Reflections on an in-person training in Germany
BY NIGEL BARNES
BY NIGEL BARNES
Well that was a bit different! It started with booking the flight. The options were severely limited, there was no priority security lane but there wasn’t any need – the teams were bored waiting for the next passenger to scan. How lovely!
Then through to the departures concourse – practically empty with every second seat closed off with a sign promoting social distancing. Not that it was an issue. Even if everyone in the terminal sat down at once, as it was a giant party game, only 5% of the seats would ever be filled.
The duty free shops were a disappointment. Those that were open, that is. No aftershave to try out with a cheeky squirt. Everything was packed away. If you wanted it, you would have to buy it sir.
On the plane things picked up again. At the door, the cabin crew gave every passenger a hygienic wipe. I opened the sachet with delight as the towel was large and wet with a solution that smelled distinctively of gin and tonic. Yes, I was tempted just to suck it but I thought it would look rather unseemly.
I was surprised that in my row, all the seats were filled. I think I gave the guy who sat next to me a less than friendly look, although as I said nothing to him, and there were no words or tone of voice, and my body language was covered by my mask I hope he didn’t notice.
The mask was becoming insufferable by now. I had it on since I left the car park and the stuffy plane was making it difficult to breathe my own recycled air.
It was only a short flight to Frankfurt and once we reached the gate we were given strict instructions to stay seated until told to exit by row numbers. A woman in row 8 was very naughty and took her bag down from the locker and got told off. I don’t think she will do it again.
Passport control and baggage reclaim were pretty normal but after leaving customs it was off to the COVID test centre for an obligatory throat swab (what joy!). The Germans did have it very well organized though and it took barely ten minutes.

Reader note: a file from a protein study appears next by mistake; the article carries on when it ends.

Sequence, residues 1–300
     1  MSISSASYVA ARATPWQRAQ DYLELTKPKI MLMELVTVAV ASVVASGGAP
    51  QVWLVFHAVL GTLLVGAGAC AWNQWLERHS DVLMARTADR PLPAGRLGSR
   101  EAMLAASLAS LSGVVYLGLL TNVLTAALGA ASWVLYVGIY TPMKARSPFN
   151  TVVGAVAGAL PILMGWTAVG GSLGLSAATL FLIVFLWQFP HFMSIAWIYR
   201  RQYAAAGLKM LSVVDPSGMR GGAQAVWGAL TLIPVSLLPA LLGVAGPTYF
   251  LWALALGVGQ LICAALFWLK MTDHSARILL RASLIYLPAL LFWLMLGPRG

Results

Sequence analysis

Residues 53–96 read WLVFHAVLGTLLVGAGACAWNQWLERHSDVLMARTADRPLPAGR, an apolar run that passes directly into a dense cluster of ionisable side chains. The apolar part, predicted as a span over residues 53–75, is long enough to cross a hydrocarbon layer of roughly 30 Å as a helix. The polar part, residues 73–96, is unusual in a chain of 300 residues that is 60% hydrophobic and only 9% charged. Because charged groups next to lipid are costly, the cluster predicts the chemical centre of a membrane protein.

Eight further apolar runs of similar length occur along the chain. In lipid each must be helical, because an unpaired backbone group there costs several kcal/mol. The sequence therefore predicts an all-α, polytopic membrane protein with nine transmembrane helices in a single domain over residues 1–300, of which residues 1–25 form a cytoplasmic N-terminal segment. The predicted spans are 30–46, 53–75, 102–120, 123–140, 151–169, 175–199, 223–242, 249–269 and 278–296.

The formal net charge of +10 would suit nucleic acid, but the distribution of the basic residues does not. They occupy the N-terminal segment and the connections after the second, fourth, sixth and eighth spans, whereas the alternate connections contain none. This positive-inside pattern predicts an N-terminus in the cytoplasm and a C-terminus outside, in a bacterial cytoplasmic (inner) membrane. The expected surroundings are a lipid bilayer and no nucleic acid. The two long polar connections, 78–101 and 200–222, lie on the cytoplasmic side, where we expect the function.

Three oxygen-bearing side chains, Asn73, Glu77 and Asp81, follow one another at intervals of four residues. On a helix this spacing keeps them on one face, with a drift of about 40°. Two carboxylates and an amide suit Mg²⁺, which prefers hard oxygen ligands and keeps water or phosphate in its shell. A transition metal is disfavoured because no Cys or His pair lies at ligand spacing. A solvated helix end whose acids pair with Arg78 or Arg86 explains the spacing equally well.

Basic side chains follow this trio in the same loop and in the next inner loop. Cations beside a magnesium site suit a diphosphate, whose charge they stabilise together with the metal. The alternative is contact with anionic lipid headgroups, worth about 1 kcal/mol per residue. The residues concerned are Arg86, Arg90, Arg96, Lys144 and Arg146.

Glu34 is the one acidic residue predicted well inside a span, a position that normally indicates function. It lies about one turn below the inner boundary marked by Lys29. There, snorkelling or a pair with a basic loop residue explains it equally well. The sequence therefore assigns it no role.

The conversation at the car hire company was interesting. With both of us wearing masks and my German not perfect it took longer than it needed to. (Note for everyone – masks take away much of the words, tone and body language – remember that when you are communicating!)
Next morning, breakfast was interesting. Until they sat down to eat everyone wore masks. When you wanted to go to the buffet you put on disposable gloves. Of course you could take off the mask to eat.
In the training room (an old converted stone barn) tables had been laid out schoolroom style with everyone spaced two metres apart. In the good old days we could have comfortably packed 60 in there. This time I had just six delegates. Of course I had most of the tables cleared and made sure we had lots of space in the room. The weather was perfect so we could use the courtyard or the field by the lake (feeling jealous yet?)
There was a debate with the participants to agree the best way of running the training session and everyone agreed not to wear masks, but simply to keep their distance. The results of my COVID test came through and I could confirm that my results were negative. I felt this was an important point so there couldn’t be any doubt that I could have been the source of any potential infection.
What would have happened if people wanted to wear masks though? It would have been a mess. In general, humans tend to process faces as a whole, rather than focusing on individual features. And when they do focus on individual features, the mouth is the most informative region because it tends to be the most expressive.
Will it ever go back to how it was before? To some extent probably but I doubt if it will ever be quite the same again. Given that reality, we all must be aware of the communication tools we lose when we wear a mask, and make an effort to over-communicate while simultaneously using body language.
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